The dust-jacket biography of Nightwalking’s author concludes: “He lives and walks in London.” Such is the urban energy of this prodigious book that the verbs seem mysteriously valorised by their connection to the city. Note that “work” (as in the more usual formulation, “lives and works in London”) has become “walk”, as though working and walking are synonymous. It is almost as though the author “lives and walks for London”, or “as part of the animism of London”. There is, infusing Matthew Beaumont’s prose, the same kind of unabashed enthusiasm for the city as can be found in the popular biographies of Peter Ackroyd. Even the sentimentality of Will Self’s metro-centric afterword is, in this context, forgivable: “as the sun rose London was made anew – and so, perhaps, were we”.
While Nottingham lays claim to D. H. Lawrence and Hull to Philip Larkin, and even Nuneaton has George Eliot, London hardly need bother to boast of its riches: Chaucer, Shakespeare, Milton, Johnson, Blake, Dickens. Beaumont not only documents the kinds of inspiration that London offers each of these literary giants, but he also does so in a way that places the city at the very heart of their artistic achievements. As Dickens says in a letter to John Forster, “It seems as if [London] supplied something to my brain, which it cannot bear, when busy, to lose…a day in London sets me up again.”
But this is a very particular kind of London biography. As Beaumont argues in the case of Dickens, “nightwalking seems to have become instrumental to the business of writing”. Beaumont’s specific interest in the city is on its crepuscular activities, its night-time vitality, and thus his focus is on writers’ nocturnal ambulations. Such night life is not always (nor even often) salubrious or innocent: “Strolling at night in the city by both men and women has, from time immemorial, been interpreted as a sign of moral, social or spiritual dereliction.” As Beaumont astutely notes, Milton has Eve, in Paradise Lost, “rehearse the Fall with a nightwalk”.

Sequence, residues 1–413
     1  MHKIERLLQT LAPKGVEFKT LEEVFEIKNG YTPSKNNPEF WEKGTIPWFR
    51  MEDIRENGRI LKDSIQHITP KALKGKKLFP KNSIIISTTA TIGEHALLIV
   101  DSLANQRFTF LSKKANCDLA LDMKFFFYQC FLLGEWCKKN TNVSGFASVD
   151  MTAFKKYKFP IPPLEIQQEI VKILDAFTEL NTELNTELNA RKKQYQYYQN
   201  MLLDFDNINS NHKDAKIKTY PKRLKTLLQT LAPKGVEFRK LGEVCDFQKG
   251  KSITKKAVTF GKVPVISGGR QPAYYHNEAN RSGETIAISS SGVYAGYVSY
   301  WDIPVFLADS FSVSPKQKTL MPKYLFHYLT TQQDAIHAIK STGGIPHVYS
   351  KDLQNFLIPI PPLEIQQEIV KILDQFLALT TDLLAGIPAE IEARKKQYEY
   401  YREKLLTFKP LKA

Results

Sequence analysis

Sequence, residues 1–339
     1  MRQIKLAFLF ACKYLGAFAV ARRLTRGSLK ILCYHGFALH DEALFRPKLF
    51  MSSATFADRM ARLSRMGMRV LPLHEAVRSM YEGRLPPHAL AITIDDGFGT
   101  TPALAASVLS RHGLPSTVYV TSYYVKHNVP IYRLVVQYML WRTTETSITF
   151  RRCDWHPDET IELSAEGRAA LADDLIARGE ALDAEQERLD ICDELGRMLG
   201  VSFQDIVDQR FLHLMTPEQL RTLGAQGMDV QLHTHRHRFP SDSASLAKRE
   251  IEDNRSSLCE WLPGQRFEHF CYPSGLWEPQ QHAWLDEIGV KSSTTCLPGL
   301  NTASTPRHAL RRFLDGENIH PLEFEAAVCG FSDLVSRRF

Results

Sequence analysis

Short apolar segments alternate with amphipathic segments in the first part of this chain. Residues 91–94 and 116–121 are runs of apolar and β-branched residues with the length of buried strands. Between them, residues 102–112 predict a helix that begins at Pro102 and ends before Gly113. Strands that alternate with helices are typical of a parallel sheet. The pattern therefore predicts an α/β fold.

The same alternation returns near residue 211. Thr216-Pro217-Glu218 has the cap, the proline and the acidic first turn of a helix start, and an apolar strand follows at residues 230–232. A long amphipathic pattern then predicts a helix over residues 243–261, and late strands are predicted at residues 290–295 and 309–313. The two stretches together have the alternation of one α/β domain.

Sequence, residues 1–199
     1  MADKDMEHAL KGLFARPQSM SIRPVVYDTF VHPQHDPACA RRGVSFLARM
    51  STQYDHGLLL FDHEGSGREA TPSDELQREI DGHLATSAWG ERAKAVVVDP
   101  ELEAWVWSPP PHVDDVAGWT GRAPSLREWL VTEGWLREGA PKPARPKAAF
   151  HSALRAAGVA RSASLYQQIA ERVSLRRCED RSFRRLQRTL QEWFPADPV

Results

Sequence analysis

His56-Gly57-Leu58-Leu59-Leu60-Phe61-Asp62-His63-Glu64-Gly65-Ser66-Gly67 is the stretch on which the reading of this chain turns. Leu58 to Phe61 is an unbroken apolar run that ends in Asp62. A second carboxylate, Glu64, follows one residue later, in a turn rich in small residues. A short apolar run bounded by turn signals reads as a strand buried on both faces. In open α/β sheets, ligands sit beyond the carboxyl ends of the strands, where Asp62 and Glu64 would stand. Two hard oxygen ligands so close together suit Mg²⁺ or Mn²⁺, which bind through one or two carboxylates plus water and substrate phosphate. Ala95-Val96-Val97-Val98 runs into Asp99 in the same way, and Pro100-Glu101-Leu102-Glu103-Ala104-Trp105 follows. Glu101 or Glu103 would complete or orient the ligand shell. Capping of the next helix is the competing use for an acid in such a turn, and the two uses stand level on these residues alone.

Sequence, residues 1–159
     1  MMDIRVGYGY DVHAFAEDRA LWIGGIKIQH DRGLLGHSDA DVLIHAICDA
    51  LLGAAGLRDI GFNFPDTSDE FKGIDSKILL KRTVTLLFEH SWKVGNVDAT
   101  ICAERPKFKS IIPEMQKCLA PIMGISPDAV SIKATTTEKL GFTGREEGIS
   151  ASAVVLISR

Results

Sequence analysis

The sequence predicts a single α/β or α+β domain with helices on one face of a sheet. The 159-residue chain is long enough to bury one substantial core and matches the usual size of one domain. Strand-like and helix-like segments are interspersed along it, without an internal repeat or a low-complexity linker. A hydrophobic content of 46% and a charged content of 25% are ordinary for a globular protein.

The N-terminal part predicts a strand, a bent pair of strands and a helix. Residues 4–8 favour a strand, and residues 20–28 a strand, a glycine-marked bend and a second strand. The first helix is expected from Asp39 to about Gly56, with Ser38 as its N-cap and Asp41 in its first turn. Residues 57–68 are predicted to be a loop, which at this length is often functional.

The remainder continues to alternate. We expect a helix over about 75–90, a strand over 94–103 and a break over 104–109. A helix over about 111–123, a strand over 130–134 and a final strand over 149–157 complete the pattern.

Beaumont’s key assertion is that nightwalking is a form of dissidence or subversion: the nightwalker “represents an intrinsic challenge to the diurnal regime on which, from the end of the Middle Ages, Protestant ideology and the political economy of capitalism partly depended”. So Blake’s poem London is read as an articulation of political resistance: “To wander…is to uncharter. Consciously or unconsciously, houseless wandering constitutes a refusal of the chartered city.” Such rambling is the opposite of busy-ness, with its intimations of business, a meandering defiance of ideological order: “The act of walking, for the Romantics, inscribed a coded rebellion against the culture of agrarian and industrial capitalism.” Gay, Goldsmith, Johnson and Clare, he says, are all “militant pedestrians”.
The latter half of the book is its best. There are astute accounts of the Romantics, and Beaumont is especially good on Dickens, whose fiction “is soaked in the semiotics of walking”. Nightwalking is less certain in the earlier period when the argument is not always as conspicuous as the extensive and sometimes random range of examples that aim to service it. In addition, the plenitude of intrusive subtitles throughout tends to fragment the discussion. This is an important and lively book, but it deserved more judicious editing, which might have prevented its own occasional wanderings.
Nightwalking: A Nocturnal History of London
By Matthew Beaumont
Verso, 496pp, £20.00
ISBN 9781781687956 and 7963 (e-book)
Published 9 March 2015